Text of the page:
Really worth reading. I recommend it to you all.

    • Geoff Sherrington
      Posted Sep 24, 2008 at 8:10 AM | Permalink

      Re: Nylo (#52),

      In the early parts of the Richard Lindzen paper, there is speculation about the way that science became divided and degraded. The story is told in the book “The Apocalptics” by Edith Efron, Simon & Schuster 1984, 590 pages, many hundreds of references.

      “The Apocalyptics” is about the myth being spread in the 1970-80 era that man-made chemicals were causing a massive increase in human cancer mortality. On the way, it documents the birth of environmental activism and its methods, including infiltration of government bodies and policy units.

      The references are unusual. They are primary quotations. The players discredit themselves verbatim. There are no references from industry, to avoid the “Exxon bias” in its early form.

      It starts –

      “I shall simply say here that I discovered a cultural crime which should not be possible in a free society: a complex corruption of science and a prolongued deception of the public. The crime emerged from the sciences of environmental cancer and cancer prevention … It has been committed under our very eyes, its details are publicly recorded in documents which are within hand’s reach, and yet it remains invisible to most of the people of this country who are its victims. It is rendered invisible by one thing above all: the phenomenon of “two cultures” – the dangerous barrier which separates the scientific and the humanist cultures and which may even leave the most educated layman incapable of differentiating between serious science and ideology in a white smock.”

      Edit’s predictions were correct, post mortem. She recognised a fundamental flaw, that animals like mice were poor, even misleading proxies for human response to chemical doses. Persistence in repeating this Achilles’ Heel was the main cause of her success. (It brings the hockey stick to mind).

      Edith’s story is largely complete because her statistics projected from the 1980s have had 30 years to be proven or disproven. There is value in studying her book to gain an idea of how the Global Warming scare might progress in due course, by comparison with the chemical-cancer scare. It is uplifting. The good guys win in the end, through better science.

      Some of her characters switched to Global Warming, as if social dissent was a requirement for Heavenly reward. Maurice Strong is in there, John P Holdren, Ralph Nader, Steven Tannenbaum, Paul & Anne Ehrlich, Jane Fonda, Albert Gore, groups like the EPA, the Environmental Defense Fund.

      Readers might resonate to this quote: “In other words, for a prudent toxicological policy, a chemical should be considered guilty until proven innocent”. Umberto Saffiotti, National Cancer Institute, May 1976.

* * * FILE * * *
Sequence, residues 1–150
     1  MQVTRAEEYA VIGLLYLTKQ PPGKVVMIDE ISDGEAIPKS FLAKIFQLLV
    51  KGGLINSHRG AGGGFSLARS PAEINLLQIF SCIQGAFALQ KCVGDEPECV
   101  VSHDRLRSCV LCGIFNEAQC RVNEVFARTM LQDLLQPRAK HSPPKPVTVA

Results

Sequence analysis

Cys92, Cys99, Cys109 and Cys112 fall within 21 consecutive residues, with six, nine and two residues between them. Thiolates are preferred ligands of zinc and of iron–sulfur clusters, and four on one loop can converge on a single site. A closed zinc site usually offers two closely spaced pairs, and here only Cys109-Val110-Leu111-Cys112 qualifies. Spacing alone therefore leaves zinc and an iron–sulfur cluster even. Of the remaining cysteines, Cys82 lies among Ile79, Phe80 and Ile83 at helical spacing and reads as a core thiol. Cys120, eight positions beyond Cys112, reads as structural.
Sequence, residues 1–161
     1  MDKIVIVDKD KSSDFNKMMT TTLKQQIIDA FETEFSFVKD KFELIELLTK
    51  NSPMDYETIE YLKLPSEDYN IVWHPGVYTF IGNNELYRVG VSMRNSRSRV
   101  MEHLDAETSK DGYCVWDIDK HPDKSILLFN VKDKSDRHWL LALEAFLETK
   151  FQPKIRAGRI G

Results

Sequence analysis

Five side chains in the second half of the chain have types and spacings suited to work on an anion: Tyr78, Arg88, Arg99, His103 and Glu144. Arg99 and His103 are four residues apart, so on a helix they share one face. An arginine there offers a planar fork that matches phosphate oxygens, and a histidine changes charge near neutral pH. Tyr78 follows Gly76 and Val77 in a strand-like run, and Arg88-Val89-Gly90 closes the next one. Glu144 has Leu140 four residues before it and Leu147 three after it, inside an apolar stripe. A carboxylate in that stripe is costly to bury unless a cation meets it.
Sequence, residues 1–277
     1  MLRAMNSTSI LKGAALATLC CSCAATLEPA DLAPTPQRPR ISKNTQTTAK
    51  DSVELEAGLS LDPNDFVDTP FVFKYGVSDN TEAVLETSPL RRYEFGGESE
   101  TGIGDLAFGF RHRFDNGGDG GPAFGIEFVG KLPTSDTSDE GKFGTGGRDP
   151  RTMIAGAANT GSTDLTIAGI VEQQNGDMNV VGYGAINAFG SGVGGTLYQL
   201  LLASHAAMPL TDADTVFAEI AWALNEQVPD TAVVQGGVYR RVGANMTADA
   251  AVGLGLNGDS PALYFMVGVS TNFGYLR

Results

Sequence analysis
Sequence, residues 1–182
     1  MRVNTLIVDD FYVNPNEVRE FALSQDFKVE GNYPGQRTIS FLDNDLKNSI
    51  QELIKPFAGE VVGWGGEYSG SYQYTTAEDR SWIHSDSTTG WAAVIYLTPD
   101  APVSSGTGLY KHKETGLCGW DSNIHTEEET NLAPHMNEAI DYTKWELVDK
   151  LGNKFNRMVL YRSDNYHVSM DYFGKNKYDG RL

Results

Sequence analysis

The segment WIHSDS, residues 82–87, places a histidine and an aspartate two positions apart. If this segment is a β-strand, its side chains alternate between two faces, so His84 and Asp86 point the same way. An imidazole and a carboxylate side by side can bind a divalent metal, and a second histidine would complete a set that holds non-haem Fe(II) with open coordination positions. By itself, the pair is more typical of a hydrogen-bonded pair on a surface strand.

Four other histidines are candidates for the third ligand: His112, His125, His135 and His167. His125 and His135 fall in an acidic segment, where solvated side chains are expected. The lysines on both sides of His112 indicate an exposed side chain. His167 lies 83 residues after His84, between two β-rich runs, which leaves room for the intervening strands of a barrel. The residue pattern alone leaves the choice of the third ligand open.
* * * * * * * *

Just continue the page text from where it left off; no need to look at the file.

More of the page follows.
Recognise the later “Precautionary principle”? Think you can name a few “ideologies in white smocks”?

      • Nylo
        Posted Sep 24, 2008 at 10:53 AM | Permalink

        Re: Geoff Sherrington (#65),

        As I am not familiar with that story, I am not sure I am understanding it well from what you describe.

        First you talk about a book writen by Edith Efron in which she documents a process of hysteria regarding man-made chemicals, that we could compare with the AGW hysteria. After this I would think that Edith Efron is the equivalent of McIntyre (pardon! I meant HE WHO MUST NOT BE NAMED) and other skeptiks in the AGW version. But then you lose me when you say that she recognised a fundamental flaw about using mice. Do you mean that she thought that better methods should be used to test the chemicals or was she critisizing the people who insisted on testing in mice to prove something? Then you say that her persistence in repeating that flaw was the cause of her success, and you lose me even more when you compare it to the hockey stick. What kind of success are you talking about? Mice are still used in many kinds of testing. Was she then succesful at forcing different kind of tests? Also when you compare it to the hockey stick, are you making reference to the persistence with which AGWers show the hockey stick, or the persistence with which us skeptics try to discredit it because it is, at least methodically, wrong? Who is who, in the Edith Efron story?

        Your post may be easily understood by whoever previously knew the story, but for me it has lots of unexplained loose ends and I don’t know how to compare it to anything.


        • Geoff Sherrington
          Posted Sep 24, 2008 at 8:05 PM | Permalink

          Re: Nylo (#66),

          Nylo, This was not directed at you personally, but simply because you referenced the Richard Lindzen paper.

          There is useful similarity between the chemical cancer scare and the AGW scare. The point I was trying to make is that such scares can have an Achilles’ Heel. If you identify and pound away at that you have a fundamentally strong case and eventually there is a chance that the edifice crumbles.